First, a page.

1. Harry Alonzo Cushing, collector and editor, The Writings of Samuel Adams, III (1773-1777) (n.p.: G. P. Putnam’s Sons, 1907, reprinted in New York: Octagon Books, Inc., 1968, 200-202.
2. Ibid., 201.
3. Ibid., 190—191.
4. A transaction that would be posthumously settled by Abraham Van Bibber.
5. Lord Rodney to Lady Rodney. Footnoted in John Franklin Jameson, “St. Eustatius in the American Revolution,” American Historical Review, VIII, 1903, 695. Rodney must have liked these words. Four days after Statia fell he wrote about the same thing to the lords of the Admiralty in Greenwich, “I hope this Island will never be returned to the Dutch; it has been more detrimental to England than all the forces of her enemies, and alone has contributed to the continuance of the American war.” See Jan Willem Schulte Nordholt, The Dutch Republic and American Revolution, translated by Herbert H. Rowen (Chapel Hill: The University of North Carolina Press, 1982), 46.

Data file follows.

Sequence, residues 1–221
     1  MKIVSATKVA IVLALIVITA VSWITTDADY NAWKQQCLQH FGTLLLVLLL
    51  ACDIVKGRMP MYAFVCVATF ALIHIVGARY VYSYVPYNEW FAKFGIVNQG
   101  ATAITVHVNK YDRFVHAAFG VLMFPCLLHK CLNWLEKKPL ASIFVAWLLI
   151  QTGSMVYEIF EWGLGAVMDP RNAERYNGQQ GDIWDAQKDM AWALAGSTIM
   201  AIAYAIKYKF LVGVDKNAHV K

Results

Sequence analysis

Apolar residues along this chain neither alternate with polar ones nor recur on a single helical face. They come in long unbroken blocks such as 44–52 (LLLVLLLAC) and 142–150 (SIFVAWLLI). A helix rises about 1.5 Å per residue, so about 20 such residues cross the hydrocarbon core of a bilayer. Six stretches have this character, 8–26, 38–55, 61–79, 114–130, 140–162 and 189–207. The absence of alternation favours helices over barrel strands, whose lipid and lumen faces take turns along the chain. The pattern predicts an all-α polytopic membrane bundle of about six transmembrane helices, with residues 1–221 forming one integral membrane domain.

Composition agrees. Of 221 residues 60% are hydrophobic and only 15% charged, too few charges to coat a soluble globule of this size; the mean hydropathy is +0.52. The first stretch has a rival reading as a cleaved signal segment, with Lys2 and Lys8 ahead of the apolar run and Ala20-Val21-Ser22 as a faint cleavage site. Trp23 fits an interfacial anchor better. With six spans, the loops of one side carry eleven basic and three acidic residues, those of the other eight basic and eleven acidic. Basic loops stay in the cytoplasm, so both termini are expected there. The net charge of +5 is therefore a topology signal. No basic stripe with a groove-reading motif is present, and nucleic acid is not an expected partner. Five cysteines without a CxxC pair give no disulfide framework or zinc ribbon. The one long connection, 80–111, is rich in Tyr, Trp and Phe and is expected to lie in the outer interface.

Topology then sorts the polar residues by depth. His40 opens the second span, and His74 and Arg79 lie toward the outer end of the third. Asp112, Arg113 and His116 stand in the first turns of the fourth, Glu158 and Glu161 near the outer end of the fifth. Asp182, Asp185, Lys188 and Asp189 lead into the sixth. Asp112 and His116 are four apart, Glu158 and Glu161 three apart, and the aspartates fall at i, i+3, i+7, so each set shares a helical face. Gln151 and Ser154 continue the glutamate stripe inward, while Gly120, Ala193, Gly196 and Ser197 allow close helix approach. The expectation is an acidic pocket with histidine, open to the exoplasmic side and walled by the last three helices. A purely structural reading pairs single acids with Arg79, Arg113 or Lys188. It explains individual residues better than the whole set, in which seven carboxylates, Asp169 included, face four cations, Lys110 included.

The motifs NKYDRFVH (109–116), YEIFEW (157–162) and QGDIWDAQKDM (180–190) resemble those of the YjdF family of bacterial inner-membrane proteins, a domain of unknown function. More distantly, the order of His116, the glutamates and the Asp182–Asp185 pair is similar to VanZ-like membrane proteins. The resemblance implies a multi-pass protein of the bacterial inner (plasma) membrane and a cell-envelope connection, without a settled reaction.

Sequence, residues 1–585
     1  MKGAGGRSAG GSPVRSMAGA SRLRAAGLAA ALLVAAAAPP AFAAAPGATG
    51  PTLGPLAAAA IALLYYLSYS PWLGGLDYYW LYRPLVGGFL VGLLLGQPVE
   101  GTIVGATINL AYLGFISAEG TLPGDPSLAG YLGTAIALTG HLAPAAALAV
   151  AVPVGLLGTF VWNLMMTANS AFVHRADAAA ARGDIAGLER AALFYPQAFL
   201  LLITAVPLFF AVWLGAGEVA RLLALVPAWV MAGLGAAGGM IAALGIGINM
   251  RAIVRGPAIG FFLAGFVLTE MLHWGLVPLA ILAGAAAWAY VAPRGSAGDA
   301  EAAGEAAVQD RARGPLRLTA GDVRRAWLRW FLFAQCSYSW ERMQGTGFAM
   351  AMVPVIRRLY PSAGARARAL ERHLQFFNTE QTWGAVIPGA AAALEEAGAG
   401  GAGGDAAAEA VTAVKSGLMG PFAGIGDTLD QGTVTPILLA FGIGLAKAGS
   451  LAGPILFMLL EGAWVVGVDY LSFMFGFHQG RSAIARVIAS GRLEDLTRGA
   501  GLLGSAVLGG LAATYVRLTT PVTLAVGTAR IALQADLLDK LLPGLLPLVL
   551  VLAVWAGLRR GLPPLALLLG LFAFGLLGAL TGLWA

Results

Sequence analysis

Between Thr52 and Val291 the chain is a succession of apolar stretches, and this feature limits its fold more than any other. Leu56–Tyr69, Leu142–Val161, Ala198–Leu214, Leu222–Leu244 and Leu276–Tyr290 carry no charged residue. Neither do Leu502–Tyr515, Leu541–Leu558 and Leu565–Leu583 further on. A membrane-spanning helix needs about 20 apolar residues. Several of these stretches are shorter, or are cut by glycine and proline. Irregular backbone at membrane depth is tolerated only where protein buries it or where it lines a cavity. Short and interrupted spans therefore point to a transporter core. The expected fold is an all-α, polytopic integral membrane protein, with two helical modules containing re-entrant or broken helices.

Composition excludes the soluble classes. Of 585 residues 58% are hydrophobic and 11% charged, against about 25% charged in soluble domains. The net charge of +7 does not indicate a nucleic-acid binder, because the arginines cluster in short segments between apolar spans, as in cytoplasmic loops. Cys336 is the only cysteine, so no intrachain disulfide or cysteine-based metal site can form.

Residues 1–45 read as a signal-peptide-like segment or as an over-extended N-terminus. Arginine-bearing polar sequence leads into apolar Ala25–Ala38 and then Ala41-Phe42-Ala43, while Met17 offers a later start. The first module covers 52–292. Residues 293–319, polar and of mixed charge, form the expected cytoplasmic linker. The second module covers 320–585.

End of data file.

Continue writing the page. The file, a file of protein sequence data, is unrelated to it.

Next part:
6. Lord Suffolk to the Dutch Ambassador, April 12, 1776, as found in Jameson, 688 n. 3.
7. For example, Barbara W. Tuchman in her The First Salute (New York: Alfred A. Knopf, 1988) and Ivor Noel Hume, 1775: Another Part of the Field (New York: Knopf, 1966), 375, seem to have based their information on a mis-reading of Jameson, 688 of “The Rotterdam merchant already mentioned....” Something else could be mentioned here. John Adams writing James Warren on October 12, 1775, remarks,
I have inclosed [sic] a copy of a paper upon which I will make no Remark: But I leave you to you own Conjectures--only I must insist that it me mentioned to nobody...it may gratify and give some Relief to your Cares.
The enclosure was a suggestion of exactly how the Continental Congress could steal powder from the West